One of the things that Rob Bell touches on in Velvet Elvis is eschatology. He does a great job of explaining the ‘new heavens, new earth’ idea, countering the popular misconception that the afterlife involves being sucked off to a disembodied heaven.
One of the most tragic things to ever happen to the gospel was the emergence of the message that Jesus takes us somewhere else if we believe in him. The Bible ends with God coming here. God, in the midst of people who can imagine nothing better, celebrating the life that we all share. (171)
Importantly, he looks to the garden in Genesis 2 and the city in Revelation 21-22 as pictures of our Christian hope.
In Genesis 1 and 2, we are told of a garden, but in Revelation 21 and 22, we are told of a city. A city is more advanced, more complicated than a garden. If a garden is developed and managed and cared for, it is eventually going to turn into a city. If there was no sin or death, creation would still move forward because God doesn’t just want to reclaim things; God wants to seem them move forward. (161)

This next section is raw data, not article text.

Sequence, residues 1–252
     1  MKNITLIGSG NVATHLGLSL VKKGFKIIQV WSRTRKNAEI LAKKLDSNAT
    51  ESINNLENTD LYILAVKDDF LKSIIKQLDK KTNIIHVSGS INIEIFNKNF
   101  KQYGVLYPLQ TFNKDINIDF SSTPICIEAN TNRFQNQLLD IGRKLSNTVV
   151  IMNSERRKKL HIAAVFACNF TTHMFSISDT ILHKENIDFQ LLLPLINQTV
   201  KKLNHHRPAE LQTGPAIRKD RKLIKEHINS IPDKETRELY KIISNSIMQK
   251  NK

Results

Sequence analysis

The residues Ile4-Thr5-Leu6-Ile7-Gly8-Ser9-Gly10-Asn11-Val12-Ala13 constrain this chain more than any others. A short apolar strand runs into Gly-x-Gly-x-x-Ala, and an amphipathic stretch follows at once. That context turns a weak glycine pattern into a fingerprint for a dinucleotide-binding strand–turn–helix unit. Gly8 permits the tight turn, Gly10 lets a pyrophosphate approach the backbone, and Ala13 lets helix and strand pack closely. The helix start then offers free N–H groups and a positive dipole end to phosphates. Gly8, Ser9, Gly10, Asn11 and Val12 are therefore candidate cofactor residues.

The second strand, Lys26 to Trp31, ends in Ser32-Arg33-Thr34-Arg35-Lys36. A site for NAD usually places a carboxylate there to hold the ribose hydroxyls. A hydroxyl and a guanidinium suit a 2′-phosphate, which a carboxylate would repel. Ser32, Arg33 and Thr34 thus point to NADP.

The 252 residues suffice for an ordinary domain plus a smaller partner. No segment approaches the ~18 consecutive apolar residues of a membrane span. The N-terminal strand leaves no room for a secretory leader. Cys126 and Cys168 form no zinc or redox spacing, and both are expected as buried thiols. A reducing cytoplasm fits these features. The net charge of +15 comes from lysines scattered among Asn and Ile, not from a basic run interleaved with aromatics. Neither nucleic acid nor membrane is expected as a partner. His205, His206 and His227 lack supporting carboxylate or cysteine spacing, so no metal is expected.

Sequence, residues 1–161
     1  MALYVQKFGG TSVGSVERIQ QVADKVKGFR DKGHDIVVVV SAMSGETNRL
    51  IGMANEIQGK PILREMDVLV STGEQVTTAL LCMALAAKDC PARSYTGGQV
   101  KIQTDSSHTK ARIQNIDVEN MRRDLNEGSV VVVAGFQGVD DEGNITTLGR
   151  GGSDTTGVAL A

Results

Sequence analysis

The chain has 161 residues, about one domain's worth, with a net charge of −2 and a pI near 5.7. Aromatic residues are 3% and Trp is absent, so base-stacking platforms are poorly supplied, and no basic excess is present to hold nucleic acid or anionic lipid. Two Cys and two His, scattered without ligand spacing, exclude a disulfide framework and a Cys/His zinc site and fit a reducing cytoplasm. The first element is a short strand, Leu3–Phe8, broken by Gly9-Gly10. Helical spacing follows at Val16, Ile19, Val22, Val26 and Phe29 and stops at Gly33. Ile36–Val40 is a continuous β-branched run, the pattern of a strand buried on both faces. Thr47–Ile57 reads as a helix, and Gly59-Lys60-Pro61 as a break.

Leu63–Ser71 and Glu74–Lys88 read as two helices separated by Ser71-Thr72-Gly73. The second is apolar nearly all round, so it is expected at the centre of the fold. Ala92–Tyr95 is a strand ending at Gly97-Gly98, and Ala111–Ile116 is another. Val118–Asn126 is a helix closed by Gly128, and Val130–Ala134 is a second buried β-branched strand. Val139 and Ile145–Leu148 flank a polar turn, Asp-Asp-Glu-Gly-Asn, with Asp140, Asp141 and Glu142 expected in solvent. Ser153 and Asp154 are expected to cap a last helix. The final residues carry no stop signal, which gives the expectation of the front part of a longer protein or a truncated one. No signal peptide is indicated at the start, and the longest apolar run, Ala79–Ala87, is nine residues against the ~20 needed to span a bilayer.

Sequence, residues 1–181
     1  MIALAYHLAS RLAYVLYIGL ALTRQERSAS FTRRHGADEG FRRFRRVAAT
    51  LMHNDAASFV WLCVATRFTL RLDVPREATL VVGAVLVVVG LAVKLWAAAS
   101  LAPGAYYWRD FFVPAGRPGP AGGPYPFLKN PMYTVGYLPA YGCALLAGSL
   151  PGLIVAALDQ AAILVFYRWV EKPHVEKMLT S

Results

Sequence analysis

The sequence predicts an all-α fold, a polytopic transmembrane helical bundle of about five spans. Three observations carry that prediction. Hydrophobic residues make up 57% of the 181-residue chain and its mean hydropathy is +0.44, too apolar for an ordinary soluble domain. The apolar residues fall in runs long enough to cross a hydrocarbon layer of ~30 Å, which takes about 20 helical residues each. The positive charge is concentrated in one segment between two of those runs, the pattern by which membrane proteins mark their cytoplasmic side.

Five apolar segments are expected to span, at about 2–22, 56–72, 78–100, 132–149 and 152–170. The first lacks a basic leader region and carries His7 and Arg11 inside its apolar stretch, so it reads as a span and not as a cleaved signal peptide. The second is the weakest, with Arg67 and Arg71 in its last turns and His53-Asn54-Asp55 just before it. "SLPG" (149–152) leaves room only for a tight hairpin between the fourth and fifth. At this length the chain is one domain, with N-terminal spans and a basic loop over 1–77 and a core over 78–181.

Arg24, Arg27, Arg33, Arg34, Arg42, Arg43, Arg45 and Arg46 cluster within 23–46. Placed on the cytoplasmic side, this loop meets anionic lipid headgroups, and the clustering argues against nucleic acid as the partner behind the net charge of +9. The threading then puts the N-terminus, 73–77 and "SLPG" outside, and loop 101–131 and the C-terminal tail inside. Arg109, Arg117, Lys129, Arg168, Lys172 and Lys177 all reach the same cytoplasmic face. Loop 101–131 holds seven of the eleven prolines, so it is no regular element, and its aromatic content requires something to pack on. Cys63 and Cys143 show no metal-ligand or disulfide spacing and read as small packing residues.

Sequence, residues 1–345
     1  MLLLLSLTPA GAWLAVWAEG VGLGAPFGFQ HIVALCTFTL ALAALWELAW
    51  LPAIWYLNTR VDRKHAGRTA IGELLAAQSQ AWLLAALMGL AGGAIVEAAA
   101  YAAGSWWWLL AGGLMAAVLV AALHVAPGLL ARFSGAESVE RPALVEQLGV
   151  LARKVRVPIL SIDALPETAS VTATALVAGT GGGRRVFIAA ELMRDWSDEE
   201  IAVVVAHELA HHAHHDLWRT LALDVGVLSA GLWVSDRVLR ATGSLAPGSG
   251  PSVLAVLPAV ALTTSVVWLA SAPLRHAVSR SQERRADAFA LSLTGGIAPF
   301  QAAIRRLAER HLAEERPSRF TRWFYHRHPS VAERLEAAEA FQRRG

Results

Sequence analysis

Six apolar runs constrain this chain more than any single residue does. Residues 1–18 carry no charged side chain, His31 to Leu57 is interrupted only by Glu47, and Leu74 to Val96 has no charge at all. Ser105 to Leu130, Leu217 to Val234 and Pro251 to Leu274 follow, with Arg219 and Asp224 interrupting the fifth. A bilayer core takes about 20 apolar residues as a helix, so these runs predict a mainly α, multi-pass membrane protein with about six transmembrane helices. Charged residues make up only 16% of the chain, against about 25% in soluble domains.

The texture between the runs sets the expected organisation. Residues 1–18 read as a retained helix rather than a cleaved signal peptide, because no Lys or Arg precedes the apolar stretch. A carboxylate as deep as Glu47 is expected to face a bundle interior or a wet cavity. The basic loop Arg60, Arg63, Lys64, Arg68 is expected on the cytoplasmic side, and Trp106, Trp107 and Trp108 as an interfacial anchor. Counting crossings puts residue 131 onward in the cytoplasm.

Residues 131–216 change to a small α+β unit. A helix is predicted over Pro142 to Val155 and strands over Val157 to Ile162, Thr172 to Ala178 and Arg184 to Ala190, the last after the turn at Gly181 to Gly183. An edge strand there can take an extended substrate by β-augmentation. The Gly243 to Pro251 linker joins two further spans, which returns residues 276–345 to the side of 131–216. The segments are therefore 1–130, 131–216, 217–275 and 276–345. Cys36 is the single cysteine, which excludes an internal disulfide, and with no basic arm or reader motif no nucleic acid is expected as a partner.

Maybe, just maybe it’ll catch on! I think a better understanding of our Christian hope will give Christians a better sense of purpose to this life here and now. It’ll help them see why environmental stewardship is so important and why peace and social justice matter. We’re part of the good news! The good news that God is coming back to rule the Earth!
I’d reached a real low point in my faith in 2000. I went to talk to my friend, Ian Packer, about it. I think he must have been inspired, because instead of dealing with all the immediate problems I had with my faith, he asked me what I thought happened when I died. And I made the mistake of saying I hoped to go to heaven!
If you would like to know more on this, N.T. Wright has written some good stuff – especially ‘New Heavens and New Earth’. And then, of course, you can also read Velvet Elvis, which is much easier to get hold of.